Syrian deputy FM denies forced starvation, chemical attacks by regime
POSTED: Wednesday, May 14, 2014 - 7:15am
UPDATED: Thursday, May 15, 2014 - 12:46pm
DAMASCUS, Syria (CNN) — Chemical attacks with chlorine gas. Barrel bombs dropped from regime helicopters. Syrians starved into submission in opposition-controlled areas.
The alleged assaults by the Syrian government against its own people are atrocious. But in an exclusive interview with CNN's Frederik Pleitgen, the country's deputy foreign minister says such claims are rubbish.
"I assure you 100% that chlorine gas has never been used by the government," Deputy Foreign Minister Faisal al Mekdad said.
His assertion came shortly after Human Rights Watch said it had strong evidence that showed regime forces carried out a chlorine gas attack in the rebel-held village of Kfar Zeita. According to the rights group, 11 people were killed and 500 were injured in three towns following the gas attack.
But he acknowledged that the government is not fighting lightly against opposition forces.
"My friend, we shall not attack them with flowers, because they are not attacking us with flowers," Mekdad said. "They are attacking with most sophisticated weapons, given to them by the United States, given to them by Europe, given to them by Turkey, given to them by the Saudis and others."
Last September, a U.S. official said CIA-funded weapons have started flowing to Syrian rebels. A rebel leader told CNN at the time that he "can't talk about weapons," though he did stress that opposition forces were getting help.
"We are getting now a lot of support from our American friends, but I can't talk in detail about all kinds of the support," he said.
Claims of forced starvation
Mekdad also vehemently denied claims that the regime has been cutting off food access to people in Homs, which has been an opposition stronghold during much of the country's 3-year civil war.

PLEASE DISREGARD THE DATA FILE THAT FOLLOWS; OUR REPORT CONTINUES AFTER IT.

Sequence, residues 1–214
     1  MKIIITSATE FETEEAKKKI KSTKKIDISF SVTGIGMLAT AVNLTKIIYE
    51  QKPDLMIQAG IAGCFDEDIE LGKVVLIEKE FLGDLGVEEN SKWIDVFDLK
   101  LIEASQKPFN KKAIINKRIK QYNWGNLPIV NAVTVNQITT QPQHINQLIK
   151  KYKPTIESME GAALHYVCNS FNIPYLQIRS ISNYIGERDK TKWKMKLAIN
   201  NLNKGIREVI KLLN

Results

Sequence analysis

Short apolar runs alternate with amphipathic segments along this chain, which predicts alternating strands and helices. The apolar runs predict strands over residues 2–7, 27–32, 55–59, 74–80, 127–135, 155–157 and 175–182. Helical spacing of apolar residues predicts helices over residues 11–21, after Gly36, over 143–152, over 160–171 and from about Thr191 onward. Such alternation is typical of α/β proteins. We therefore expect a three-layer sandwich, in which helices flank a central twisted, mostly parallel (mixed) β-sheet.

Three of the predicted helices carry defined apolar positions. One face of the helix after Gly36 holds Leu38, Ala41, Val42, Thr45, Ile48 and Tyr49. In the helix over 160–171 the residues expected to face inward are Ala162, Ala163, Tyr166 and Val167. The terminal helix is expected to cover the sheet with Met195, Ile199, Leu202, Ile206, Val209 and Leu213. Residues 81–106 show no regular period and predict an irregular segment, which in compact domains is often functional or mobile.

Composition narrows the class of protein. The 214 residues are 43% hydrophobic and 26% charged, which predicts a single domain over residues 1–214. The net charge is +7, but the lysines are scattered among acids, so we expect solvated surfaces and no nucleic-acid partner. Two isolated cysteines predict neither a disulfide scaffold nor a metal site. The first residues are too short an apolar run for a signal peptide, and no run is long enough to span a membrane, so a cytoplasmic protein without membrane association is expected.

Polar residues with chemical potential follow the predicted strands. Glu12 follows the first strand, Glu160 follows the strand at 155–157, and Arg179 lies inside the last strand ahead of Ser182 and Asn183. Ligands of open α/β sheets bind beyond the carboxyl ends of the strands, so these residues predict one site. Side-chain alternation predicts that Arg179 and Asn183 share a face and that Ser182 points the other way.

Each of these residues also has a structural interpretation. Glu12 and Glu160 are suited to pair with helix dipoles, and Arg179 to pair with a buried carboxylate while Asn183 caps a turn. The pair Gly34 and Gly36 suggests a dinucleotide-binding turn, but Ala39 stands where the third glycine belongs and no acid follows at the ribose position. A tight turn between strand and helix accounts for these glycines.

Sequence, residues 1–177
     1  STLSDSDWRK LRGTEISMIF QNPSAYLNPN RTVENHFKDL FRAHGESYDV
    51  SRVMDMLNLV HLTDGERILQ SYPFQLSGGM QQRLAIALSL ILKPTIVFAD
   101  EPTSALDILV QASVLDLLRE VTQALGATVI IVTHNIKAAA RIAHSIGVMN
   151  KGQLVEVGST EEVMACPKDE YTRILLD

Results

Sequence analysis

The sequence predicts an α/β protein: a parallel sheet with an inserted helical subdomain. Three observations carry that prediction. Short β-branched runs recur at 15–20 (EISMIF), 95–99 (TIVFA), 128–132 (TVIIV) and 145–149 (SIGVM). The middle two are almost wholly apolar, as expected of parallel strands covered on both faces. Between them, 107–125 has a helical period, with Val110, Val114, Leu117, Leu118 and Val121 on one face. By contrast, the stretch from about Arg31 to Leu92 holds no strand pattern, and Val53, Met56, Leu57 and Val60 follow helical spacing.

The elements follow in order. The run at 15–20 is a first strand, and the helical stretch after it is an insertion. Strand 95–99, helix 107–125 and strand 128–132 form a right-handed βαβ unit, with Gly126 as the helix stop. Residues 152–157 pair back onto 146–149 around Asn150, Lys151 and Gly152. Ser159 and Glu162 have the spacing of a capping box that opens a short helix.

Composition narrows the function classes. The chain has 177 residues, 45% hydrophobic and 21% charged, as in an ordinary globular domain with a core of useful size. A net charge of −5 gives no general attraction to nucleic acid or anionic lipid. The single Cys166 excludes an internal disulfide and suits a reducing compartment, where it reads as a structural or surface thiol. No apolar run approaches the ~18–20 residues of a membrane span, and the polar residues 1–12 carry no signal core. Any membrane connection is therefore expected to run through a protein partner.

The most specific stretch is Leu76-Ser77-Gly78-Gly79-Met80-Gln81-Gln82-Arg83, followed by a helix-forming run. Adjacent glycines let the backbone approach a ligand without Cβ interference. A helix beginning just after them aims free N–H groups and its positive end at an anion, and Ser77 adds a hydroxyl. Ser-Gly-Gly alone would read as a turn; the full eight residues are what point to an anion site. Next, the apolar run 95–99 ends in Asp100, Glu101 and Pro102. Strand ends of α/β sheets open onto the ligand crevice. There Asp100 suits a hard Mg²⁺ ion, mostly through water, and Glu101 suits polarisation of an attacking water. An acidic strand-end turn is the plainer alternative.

"We are not starving anybody. We are trying to reach all those civilians under the control (of the rebels). And on different occasions, many convoys carrying humanitarian aid have gone but were turned back by the terrorist groups," Mekdad said.
The Syrian regime has consistently referred to opposition fighters as "terrorists."
"If they are speaking about (the) starving of terrorism and terrorists, yes we have to do our best, and I think this is our right to do it," Mekdad added.
A truce began May 7 in Homs, and opposition fighters and their families there were evacuated to Addar al-Kabira, according to the opposition Syrian Observatory for Human Rights.
But government forces shelled Addar al-Kabira this week, according to the opposition.
"The regime's shelling of the town of Addar al-Kabira north of Homs, to where rebels of Homs retreated in line with a deal organized by the U.N., makes evident the falsity of the truces that the Assad regime seeks to promote," Nasser al-Hariri, a member of the Syrian Coalition, said in a statement Tuesday.
Originally, the opposition had agreed to allow aid into pro-government neighborhoods in Aleppo, both Shiite enclaves, in exchange for the safe passage of fighters out of Homs.
Election coming up
Despite the ongoing war that has killed more than 100,000 people, Mekdad said the country is "absolutely" fit to hold a presidential election on June 3.
When asked how Syrians in war-torn Aleppo would be able vote, the deputy foreign minister lambasted the United States and European countries.
"This double standard by certain ... European countries and the United States among others -- they don't want anything to move in Syria. They don't want legitimacy in Syria. They want the disintegration of this country," Mekdad said.
"Or, in fact if we have to take into full consideration what they want: They don't want Syria to exist, or they want to hand Syria over to terrorist groups."
The United Nations has asked the government to reconsider the election as the carnage continues to mount every day.
But even if Syria proceeds with a presidential vote, the election might not yield any significant change.
President Bashar al-Assad's family has had a tight grip on power in Syria for the past 43 years. Al-Assad succeeded his father in 2000 and won a second term in 2007, unopposed.
Al-Assad is running again this year.
Frederik Pleitgen reported from Damascus; Holly Yan reported and wrote from Atlanta. CNN's Salma Abdelaziz and Barbara Starr also contributed to this report.